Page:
Rice seedlings were inoculated with P grisea by spray inoculation. Aqueous conidial suspensions (105 conidia ml-1) were prepared from 2-3 week old cultures of Pyricularia grisea. The conidial suspension contained 0.1% (w/v) gelatin to facilitate adhesion of the conidia to the leaves. Conidia from each mono-conidial Pyricularia grisea isolate grown on Oat meal agar plates were collected by washing with sterile distilled water containing gelatin and the suspensions was filtered through cheese cloth to remove mycelial fragments. Conidia were counted using a haemocytometer and, where necessary, the suspensions were adjusted to 105 conidia [ml.sup.-1].

DNA extraction from Pyricularia grisea

Each Pyricularia grisea isolate was cultured in 2 X Yeast Extract Glucose medium (YEG) (glucose, 10.0 g and yeast extract, 2.0 g). Approximately ten plugs (5 mm in size) from an actively growing culture on antibiotic Oat meal agar medium were transferred to 100 ml of 2 X YEG. Medium was transferred to 250 ml erlenmeyer flasks and inoculated at 25[degrees]C for 7 days in an orbital shaker (120 rpm). Mycelium was harvested by filtrating through No. 3 Whatman filter paper and immediately frozen in liquid nitrogen. The frozen mycelium was pulverised, freeze dried and ground to a fine powder using a sterile pestle and mortar. The mycelial powder was stored at -20[degrees]C until needed. DNA was isolated from ground fine powder of mycelium using Dellaporta modified DNA isolation protocol (Dellaporta 1983). About 100 mg of mycelium were grinded under liquid nitrogen to a fine powder using mortar and pestle in 1.5 ml microcentrifuge. Pre-heated extraction buffer (65[degrees]C) was added to grinded tissue. The tube was incubated at 65[degrees]C in water-bath for 40 min with vigorous shaking. Add extraction buffer (5M potassium acetate) was up to 40% of the total volume grinded tissue mixed. The contents were mixed and allowed to stand for 1-2 minutes. Followed by incubation at -20[degrees]C for 20 min. Tubes were centrifuged at 12000 rpm for 20 minutes at 5[degrees]C. Supernatant (500 1/4l) was transferred new microcentrifuge tube without disturbing the cell debris pellet. Equal volume of isopropanol was added and mixed gently and tubes w?ere incubated at -20[degrees]C least 15 min or on 4[degrees]C for overnight. The tubes were centrifuged at 12,000 rpm for 20 minutes, supernatant was discarded, and 70 % (v/v) eethanol was added to the supernatant. The contents were centrifuged at 12,000 rpm for 5 minutes. Supernatant was discarded. The DNA pallet was washed once with 70 ethanol and air dried. The DNA pellet was resuspended in T.E. buffer pH 8.0. The concentration of nucleic acid was determined spectrophotometrically (Spectra max plus, California) by measuring absorption of the samples at 260/280 nm.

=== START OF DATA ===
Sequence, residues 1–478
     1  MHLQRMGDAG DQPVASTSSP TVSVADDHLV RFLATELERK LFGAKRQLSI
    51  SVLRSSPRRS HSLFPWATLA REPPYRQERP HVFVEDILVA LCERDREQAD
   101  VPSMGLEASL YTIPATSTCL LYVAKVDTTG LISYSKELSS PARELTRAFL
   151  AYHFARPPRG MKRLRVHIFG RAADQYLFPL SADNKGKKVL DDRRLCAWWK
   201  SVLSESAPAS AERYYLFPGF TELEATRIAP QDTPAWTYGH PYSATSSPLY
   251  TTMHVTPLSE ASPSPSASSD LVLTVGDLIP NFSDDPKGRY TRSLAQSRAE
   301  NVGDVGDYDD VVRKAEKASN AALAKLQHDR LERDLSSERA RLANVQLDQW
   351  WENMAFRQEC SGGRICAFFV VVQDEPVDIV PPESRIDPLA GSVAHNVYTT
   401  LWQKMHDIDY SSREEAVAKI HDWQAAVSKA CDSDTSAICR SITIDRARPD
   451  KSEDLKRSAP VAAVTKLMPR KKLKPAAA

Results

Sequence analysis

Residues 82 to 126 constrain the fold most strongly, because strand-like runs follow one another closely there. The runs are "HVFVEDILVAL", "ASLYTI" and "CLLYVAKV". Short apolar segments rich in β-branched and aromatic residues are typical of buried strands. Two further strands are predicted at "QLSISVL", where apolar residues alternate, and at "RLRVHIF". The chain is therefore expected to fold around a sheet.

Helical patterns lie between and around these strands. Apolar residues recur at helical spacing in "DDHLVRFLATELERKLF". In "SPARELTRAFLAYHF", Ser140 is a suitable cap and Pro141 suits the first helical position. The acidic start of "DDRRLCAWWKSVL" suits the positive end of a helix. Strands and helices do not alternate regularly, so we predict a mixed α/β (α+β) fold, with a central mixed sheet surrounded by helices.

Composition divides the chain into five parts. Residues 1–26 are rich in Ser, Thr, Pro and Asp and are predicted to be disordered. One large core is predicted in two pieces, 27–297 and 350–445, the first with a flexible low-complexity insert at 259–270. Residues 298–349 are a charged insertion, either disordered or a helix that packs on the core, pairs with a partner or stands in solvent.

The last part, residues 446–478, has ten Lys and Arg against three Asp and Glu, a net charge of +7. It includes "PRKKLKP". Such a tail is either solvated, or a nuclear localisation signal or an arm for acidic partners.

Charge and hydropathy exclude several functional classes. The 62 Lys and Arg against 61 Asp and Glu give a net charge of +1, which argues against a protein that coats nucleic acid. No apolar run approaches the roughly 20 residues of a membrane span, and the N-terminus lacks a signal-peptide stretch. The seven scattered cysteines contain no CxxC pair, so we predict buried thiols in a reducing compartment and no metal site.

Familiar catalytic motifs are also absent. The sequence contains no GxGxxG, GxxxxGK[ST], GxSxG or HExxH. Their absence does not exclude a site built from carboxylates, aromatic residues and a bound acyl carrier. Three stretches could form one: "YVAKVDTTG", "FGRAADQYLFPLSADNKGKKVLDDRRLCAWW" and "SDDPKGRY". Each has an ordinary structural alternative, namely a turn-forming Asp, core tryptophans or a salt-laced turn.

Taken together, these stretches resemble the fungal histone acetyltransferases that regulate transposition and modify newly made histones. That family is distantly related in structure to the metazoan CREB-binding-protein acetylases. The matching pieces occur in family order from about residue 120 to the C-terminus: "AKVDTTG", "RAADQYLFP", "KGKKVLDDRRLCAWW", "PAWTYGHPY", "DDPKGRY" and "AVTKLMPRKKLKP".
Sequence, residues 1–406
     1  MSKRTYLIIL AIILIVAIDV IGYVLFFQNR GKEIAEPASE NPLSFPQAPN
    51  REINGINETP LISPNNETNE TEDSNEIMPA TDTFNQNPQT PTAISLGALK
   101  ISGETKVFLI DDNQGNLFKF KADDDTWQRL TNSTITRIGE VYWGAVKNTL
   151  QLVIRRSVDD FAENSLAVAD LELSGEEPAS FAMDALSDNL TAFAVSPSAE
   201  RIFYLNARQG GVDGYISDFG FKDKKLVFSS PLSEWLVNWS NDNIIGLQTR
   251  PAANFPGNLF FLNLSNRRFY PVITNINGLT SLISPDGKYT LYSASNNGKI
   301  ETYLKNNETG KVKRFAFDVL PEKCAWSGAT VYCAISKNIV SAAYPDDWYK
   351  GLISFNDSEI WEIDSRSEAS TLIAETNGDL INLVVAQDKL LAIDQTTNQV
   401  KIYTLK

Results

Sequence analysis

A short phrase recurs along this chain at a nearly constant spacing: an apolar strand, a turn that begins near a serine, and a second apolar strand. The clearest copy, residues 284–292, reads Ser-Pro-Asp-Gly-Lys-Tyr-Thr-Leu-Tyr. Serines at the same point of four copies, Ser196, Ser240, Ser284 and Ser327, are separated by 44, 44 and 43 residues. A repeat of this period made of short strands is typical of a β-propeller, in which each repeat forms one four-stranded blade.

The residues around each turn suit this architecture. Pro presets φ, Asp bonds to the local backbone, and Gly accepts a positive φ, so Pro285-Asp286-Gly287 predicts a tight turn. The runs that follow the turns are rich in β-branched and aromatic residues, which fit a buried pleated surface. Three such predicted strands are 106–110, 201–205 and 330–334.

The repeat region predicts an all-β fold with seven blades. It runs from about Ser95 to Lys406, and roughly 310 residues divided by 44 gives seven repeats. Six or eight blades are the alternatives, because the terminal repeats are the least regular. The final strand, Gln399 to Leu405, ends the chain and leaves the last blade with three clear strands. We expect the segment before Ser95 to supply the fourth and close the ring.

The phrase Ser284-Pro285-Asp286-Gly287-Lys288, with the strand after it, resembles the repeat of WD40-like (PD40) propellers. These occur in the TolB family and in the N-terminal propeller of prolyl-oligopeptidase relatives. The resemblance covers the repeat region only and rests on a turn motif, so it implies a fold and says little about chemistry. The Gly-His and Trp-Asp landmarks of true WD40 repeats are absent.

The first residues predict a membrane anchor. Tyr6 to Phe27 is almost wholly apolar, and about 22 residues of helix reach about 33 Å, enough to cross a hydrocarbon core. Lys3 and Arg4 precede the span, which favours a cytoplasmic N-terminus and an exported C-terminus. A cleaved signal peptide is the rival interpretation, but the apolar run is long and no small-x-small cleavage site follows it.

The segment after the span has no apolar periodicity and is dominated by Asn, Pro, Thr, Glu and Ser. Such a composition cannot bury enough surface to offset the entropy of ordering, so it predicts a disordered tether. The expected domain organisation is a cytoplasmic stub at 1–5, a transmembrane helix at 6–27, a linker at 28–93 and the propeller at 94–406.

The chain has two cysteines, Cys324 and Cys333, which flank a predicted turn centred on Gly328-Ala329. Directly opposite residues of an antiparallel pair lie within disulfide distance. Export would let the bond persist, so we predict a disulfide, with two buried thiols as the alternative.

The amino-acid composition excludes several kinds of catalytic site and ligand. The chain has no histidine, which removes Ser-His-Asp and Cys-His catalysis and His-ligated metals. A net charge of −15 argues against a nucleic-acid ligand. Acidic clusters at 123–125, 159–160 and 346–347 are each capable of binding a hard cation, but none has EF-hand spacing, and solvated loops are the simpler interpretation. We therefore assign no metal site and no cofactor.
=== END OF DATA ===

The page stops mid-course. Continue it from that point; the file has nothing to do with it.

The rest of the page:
Amplified Fragment length polymorphisms

AFLP reactions were performed by a modification of the method of Vos et al. Genomic DNA (H"200 to 400 ng) was digested with EcoRl and Msel. adapter-primer sequences were ligated to the fragments at 20[degrees]C for 2 h. The reaction product was diluted 1:10 with TE buffer and the preamplification step was performed with primers complimentary to the adapter sequences. Amplification volume consist of 200 1/4M dNTPs, 1 x PCR reaction buffer (50 mM KCl, 10 mM Tris-HCl pH 8.3, 1.5 mM MgCl2, 0.1% Triton X100), 36 ng of each primer, 2.0 1/4l of the diluted adapterprimer DNA, and 1 unit of Taq DNA Polymerase. The PCR reaction was programmed for 20 cycles of 94[degrees]C for 30 s, 56[degrees]C for 60 s, and 72[degrees]C for 60 s. Each reaction mix was diluted 1:10 with TE buffer before use with the selective amplification reaction. Selective PCR amplification was performed using 9 primer sets (table 2). The primer combination is given in table 2. The PCR parameters included an initial cycle of 30 s at 94[degrees]C, 30 s at 65[degrees]C, and1 min at 72[degrees]C, followed by 12 cycles with stepwise lowering of the annealing temperature by 0.7[degrees]C in each cycle (touchdown profile) and 23 cycles at 94[degrees]C for 30 s, 56[degrees]C for 30 s, and 72[degrees]C for 1 min. The resulting selectively amplified PCR products were analyzed by electrophoresis on a 5% acrylamide/7 M urea denaturing gel. Allele were visualised by silver staining.

Analysis of the allele patterns in the AFLP gel

DNA fingerprints generated by the AFLP assay of different isolates were compared and grouped according to their allele pattern. The allele pattern of each isolate was coded in binary form, "1" representing the presence and "0" representing the absence of a particular allele in a lane. Alleles that were monomorphic across the entire set of genotypes were omitted from the analysis. Data of all the isolates were used to estimate the similarity based on the number of shared amplified alleles. Similarity was calculated with SIMQUAL function of software NTSYS-pc, which computes a variety of similarity coefficients. The similarity matrix values based on Jaccard's coefficient of similarity were calculated as,

a / n-d

Where, a, d, and n represent number of matches, unmatched and total number of alleles respectively.

The polymorphism information content (PIC) was calculated for each primer combination using the formula,

PIC = 1-[SIGMA]f2i

Where f is the percentage of genotypes in which the fragment is present. (Smith, et al., 2000) .The PIC value is an indication of a high probability of obtaining polymorphism using that primer combination.

The marker index was calculated for each AFLP primer combination as MI = PIC x [n.sup.2] where PIC is the mean PIC value, n the number of alleles, and 2 is the proportion of polymorphic alleles

Frequency of Polymorphic allele (f) = Polymorphic allele / Total no. of Polymorphic allele